My few, short days on the Fylde Coast were warmed by wonderful friendships which have weathered the years and all life’s changes; by scrumptious full-on breakfasts and home-cooked dinners; by babies – my goddaughter’s, the next generation, and by happy memories, but much as I am glad to have grown up there (I think it made me tougher, physically and perhaps mentally) I’m more than happy to return to the sunshine and the sub-tropics!



Finding Autumn at last on Tenerife!

Okay – I can hear you saying, “If she misses Fall so much why doesn’t she just move?” – so this will be the last time I mention it for this year, and anyhow I can now tell you that I know just where to go to get my Autumnal fix next year.

Some days here, October through May, dawn is so incandescently clear it simply makes me want to cry.  The heat haze of summer gone for a few months, no Sahara dust hovering in the air, and early enough so that the clouds which encircle the mountains later in the day are still abed. Yesterday was one of those days.

Cristina and I, for different reasons,  had missed hiking on Sunday with  friends, and since it was her day off yesterday, and I badly needed some fresh air, my sinuses filled with dust from all the pre-removal packing, we decided to head up to Spain’s highest village, Vilaflor (roughly 4,590 ft above sea level), for some fresh, mountain air. We left the south coast as the sun’s rays began to warm the skin, passed through Vilaflor and left the car by the roadside a little higher, at the beginning of the entry road to the Madre de Agua recreational area.

Just stepping out of the car the atmosphere felt different  – sights, sounds and the feel of cool air on the face are all a world away from the beaches. Though on the first steps of the walk we could see a landscape still in need of rain, it was nowhere near as parched as the coast. Vilaflor is an agricultural area, and soon we were looking down onto cultivated terraces, and over the tops of pines and hillsides to the ocean.  Montaña Roja, which I always think of as marking my home, was clearly visible, and though the countryside was dappled with shadows from passing clouds, the ocean still sparkled way below.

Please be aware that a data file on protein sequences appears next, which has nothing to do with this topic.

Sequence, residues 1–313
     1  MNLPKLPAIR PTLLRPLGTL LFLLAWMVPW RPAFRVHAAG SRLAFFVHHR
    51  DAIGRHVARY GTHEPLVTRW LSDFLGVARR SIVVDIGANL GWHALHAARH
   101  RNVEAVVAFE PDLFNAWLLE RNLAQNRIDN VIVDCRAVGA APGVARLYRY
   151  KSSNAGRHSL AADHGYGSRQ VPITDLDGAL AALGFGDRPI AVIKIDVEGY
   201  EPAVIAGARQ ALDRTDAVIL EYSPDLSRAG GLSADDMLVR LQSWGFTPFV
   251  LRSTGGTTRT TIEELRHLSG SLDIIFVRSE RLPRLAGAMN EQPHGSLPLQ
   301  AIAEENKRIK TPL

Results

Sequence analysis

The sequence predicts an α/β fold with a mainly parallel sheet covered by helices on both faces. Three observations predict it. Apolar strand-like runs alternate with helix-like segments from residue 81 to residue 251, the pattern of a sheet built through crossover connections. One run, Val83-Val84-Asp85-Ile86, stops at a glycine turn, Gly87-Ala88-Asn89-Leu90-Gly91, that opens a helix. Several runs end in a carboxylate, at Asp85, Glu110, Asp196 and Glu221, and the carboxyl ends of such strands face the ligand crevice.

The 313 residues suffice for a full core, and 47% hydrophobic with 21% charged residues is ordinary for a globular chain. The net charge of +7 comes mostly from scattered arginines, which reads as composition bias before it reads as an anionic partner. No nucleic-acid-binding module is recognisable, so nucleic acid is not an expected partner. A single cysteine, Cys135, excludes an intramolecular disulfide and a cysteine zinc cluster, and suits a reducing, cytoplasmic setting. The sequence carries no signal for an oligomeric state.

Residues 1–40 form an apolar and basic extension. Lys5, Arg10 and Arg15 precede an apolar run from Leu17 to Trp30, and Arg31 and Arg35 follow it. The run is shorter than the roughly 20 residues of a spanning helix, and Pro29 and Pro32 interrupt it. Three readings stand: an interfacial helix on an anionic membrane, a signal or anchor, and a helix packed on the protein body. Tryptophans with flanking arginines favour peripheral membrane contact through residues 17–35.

This route would take us through the municipalities of both Granadilla de Abona and Vilaflor, land which is the source of the bottled waters of Tenerife. Right now dried-up streams and water courses mark the route.  When the rains come, any time now, they will be in full flow again, and the detritus of summer will be washed away.

What I hadn’t expected was to turn a corner and see Fall colors, yellows and golds clinging to the black skeletons of chestnut trees.  I really hadn’t realized that they grew over this side of the mountains.  We noted that they aren’t the tall, leafy trees of the northern slopes, but seem stunted, as if deprived of some ingredient to make them grow.  Nevertheless, broken shells of chestnuts littered the ground along with the fallen leaves.  Clearly there had been fruit, and folk had been here to collect the bounty.




We walked for a couple of tranquil hours, occasionally greeting other walkers, returning or overtaking us.  It was good to see that people now realize just how rich this island is in walking routes as well as beaches. We breathed that fresh, energizing scent of pine trees.  We stopped and perched in a wee, stone circle to lunch, the sort of place I would have thought of as a fairy meeting place when I was little. I’d made sandwiches of  turkey mortadella – well, it was Thanksgiving!

When turning to return, we met the mists which we’d seen drifting through the tall pines, vistas which had been clear were now hazy, and the graceful needles of the Canary pines were strung with droplets of brume, and looked like delicate Christmas decorations.  The air now was perfumed with the smell of wild fennel, which reminded me of summer. It must have been aroused by the damp.


The colors of the  bare rock faces, which had appeared dry, now glowed, their reds and ochres enriched by the moisture, and I found the last flower in this autumnal scene amongst the dead leaves and grasses.

Now I know where to come when my homesickness for Autumn kicks in.